Monday, November 28, 2011

The moment of truth

Boaz Bismuth

Just two weeks ago, the elections in Egypt were considered to be the most predictable elections in the Middle East: the Muslim Brotherhood was sure to be victorious, and it was clear to the military regime that the first parliamentary elections to be held in the post-Mubarak era were not another struggle between an opportunist coalition and the military. In the meantime, a new revolution erupted this month, and Egypt began to understand that democracy, if at all, operates through anarchy and Islam.

Only 10 months ago, Egypt watched as its former President Hosni Mubarak and his regime were toppled. Today Egyptians are already being summoned to vote. Common sense dictates that elections come at the end of the democratic process, not at the beginning. In Egypt, however, there are those who want to hurry. Not the "youth of Tahrir Square," the heroes behind the revolution that took place in January and February. They would not regret it if the recent November demonstrations prompted the delay, or especially, the overthrow of the current military regime. For the Muslim Brotherhood, in contrast, the timing could not be better. They are ready, they are organized, they are even experienced. Recent victories by their "brothers" in Tunisia and Morocco only increase their chances of winning.

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Egypt is going to the voting booths without really know where it is going.

The Muslim Brotherhood has experience, something which the rest of Egypt's political parties are severely lacking. The Brotherhood's greatest achievement took place in the 2005 election, when they won 20 percent of seats in the parliament. This achievement was indeed significant because the group ran on an independent platform in an election in which only a third of parliament seats were up for grabs. But those days were different. That election took place during the Mubarak era and the Brotherhood was perceived by the government as an enemy. Today, however, the Muslim Brotherhood is working as vigorously as possible in every district.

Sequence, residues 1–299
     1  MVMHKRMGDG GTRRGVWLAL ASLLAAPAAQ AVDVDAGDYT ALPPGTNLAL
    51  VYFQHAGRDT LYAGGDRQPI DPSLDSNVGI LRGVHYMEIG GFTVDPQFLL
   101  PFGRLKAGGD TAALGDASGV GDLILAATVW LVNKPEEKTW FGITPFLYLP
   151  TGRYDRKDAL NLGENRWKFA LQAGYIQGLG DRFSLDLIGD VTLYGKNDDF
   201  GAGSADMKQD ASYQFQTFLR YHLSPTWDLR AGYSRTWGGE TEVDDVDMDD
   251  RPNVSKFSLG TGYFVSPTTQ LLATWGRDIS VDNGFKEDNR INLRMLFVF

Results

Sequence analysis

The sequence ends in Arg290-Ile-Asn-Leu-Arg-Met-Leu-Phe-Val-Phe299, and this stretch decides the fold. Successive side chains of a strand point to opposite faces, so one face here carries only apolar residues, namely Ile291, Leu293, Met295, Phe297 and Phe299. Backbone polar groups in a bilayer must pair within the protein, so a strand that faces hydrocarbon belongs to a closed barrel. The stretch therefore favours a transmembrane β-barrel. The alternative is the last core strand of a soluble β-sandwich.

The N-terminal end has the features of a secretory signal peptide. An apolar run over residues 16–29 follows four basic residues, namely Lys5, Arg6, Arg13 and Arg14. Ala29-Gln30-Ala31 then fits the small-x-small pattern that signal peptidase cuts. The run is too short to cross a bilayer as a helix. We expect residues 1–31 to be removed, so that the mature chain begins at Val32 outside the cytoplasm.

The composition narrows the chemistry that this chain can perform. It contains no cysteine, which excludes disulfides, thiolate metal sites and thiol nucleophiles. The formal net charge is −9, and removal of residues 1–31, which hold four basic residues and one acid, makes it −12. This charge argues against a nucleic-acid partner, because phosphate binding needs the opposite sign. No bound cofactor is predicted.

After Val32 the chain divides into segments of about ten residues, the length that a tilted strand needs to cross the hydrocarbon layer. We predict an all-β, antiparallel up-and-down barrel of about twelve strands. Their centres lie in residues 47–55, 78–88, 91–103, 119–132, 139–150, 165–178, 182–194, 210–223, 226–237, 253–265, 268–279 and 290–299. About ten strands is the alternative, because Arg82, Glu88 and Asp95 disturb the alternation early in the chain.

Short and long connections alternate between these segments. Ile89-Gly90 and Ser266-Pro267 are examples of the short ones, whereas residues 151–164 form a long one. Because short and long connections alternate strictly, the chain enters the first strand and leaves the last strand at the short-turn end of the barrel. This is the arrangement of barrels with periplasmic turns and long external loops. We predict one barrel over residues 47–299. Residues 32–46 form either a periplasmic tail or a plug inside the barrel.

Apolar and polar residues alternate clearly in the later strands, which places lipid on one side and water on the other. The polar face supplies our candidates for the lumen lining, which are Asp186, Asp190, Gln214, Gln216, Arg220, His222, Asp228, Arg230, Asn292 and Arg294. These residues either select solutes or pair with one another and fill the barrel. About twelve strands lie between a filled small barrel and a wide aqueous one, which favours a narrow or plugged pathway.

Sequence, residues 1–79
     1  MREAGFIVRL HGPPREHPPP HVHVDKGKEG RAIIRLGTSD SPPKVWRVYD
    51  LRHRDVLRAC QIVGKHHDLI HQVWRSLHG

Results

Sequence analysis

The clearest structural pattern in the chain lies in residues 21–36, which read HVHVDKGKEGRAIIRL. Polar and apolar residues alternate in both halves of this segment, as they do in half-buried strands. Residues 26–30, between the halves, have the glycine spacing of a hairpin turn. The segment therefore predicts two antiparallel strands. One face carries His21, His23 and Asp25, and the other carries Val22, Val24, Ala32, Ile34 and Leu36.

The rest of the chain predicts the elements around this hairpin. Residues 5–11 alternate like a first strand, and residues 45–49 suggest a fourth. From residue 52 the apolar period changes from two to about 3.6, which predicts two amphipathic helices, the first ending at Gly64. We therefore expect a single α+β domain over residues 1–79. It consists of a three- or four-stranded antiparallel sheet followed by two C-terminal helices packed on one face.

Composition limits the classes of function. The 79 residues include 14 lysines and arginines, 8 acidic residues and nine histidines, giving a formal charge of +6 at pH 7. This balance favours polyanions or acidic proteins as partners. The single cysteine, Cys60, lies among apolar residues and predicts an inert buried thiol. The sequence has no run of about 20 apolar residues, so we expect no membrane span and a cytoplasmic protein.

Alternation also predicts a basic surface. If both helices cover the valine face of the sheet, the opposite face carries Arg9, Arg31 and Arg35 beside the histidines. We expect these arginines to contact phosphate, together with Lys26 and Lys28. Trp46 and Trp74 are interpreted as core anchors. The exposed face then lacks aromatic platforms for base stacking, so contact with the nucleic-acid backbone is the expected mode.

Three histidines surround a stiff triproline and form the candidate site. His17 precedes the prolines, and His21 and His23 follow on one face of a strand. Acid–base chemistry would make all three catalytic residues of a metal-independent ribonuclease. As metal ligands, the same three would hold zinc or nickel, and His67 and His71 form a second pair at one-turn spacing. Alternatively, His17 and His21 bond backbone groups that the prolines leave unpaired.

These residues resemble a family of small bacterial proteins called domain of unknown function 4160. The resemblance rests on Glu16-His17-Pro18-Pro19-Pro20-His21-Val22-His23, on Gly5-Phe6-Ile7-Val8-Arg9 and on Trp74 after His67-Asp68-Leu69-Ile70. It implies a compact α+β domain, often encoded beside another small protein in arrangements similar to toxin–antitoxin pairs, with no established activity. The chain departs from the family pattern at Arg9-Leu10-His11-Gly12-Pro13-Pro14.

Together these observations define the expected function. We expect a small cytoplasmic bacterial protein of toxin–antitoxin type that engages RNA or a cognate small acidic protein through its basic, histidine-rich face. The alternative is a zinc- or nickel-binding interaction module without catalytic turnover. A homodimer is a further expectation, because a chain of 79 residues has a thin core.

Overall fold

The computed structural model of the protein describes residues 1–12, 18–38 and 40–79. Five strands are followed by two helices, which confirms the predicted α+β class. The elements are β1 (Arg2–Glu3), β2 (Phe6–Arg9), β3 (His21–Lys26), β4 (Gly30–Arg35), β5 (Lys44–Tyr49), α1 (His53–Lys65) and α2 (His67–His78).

Today, the Brotherhood is far from being discreet. They know the work and understand the role of public relations. They changed their color from green - the color symbolizing Islam, which has had a negative connotation for the West, liberals and the youth of Tahrir Square - to blue and yellow, the colors of the new democratic coalition which various groups have joined. They were even the pyromaniacs who ignited the recent fire at Tahrir Square - mainly on Mohammed Mahmoud Street - when they realized the army had pulled out its claws and decided to seize the state promised to them (following an initiative by the deputy prime minister which allows the army to be above the constitution). The Brotherhood members then turned into firefighters when they realized the elections were in danger of being cancelled, something which could have stripped them of their advantage of experience and preparedness. This time, unlike in January, Egyptians were not able to blame the Brotherhood for being absent from the Square.

The Muslim Brotherhood has two additional advantages: The first is that while the sensitive situation in the country could deter many voters from casting their ballots, the Brotherhood can rely on the strong support of its constituents, who come out in droves to the voting booths. The second is that the Brotherhood is the most organized and only group capable of ensuring a massive number of election observers at the polls.

It is unclear how all of this will play out in Egypt. Revolution, after all, is something that takes years. The army, the Muslim Brotherhood, even the youth of Tahrir Square are all arriving at the voting booths today hurt, battered and scarred.

But there is one individual - Mohammed ElBaradei - who has succeeded quite well in positioning himself as a safe option for both the military and for the Muslim Brotherhood. As soon as his strength grows, if at all, you can trust that the Brotherhood will politically intercept him. Even with a "nuclear weapon."

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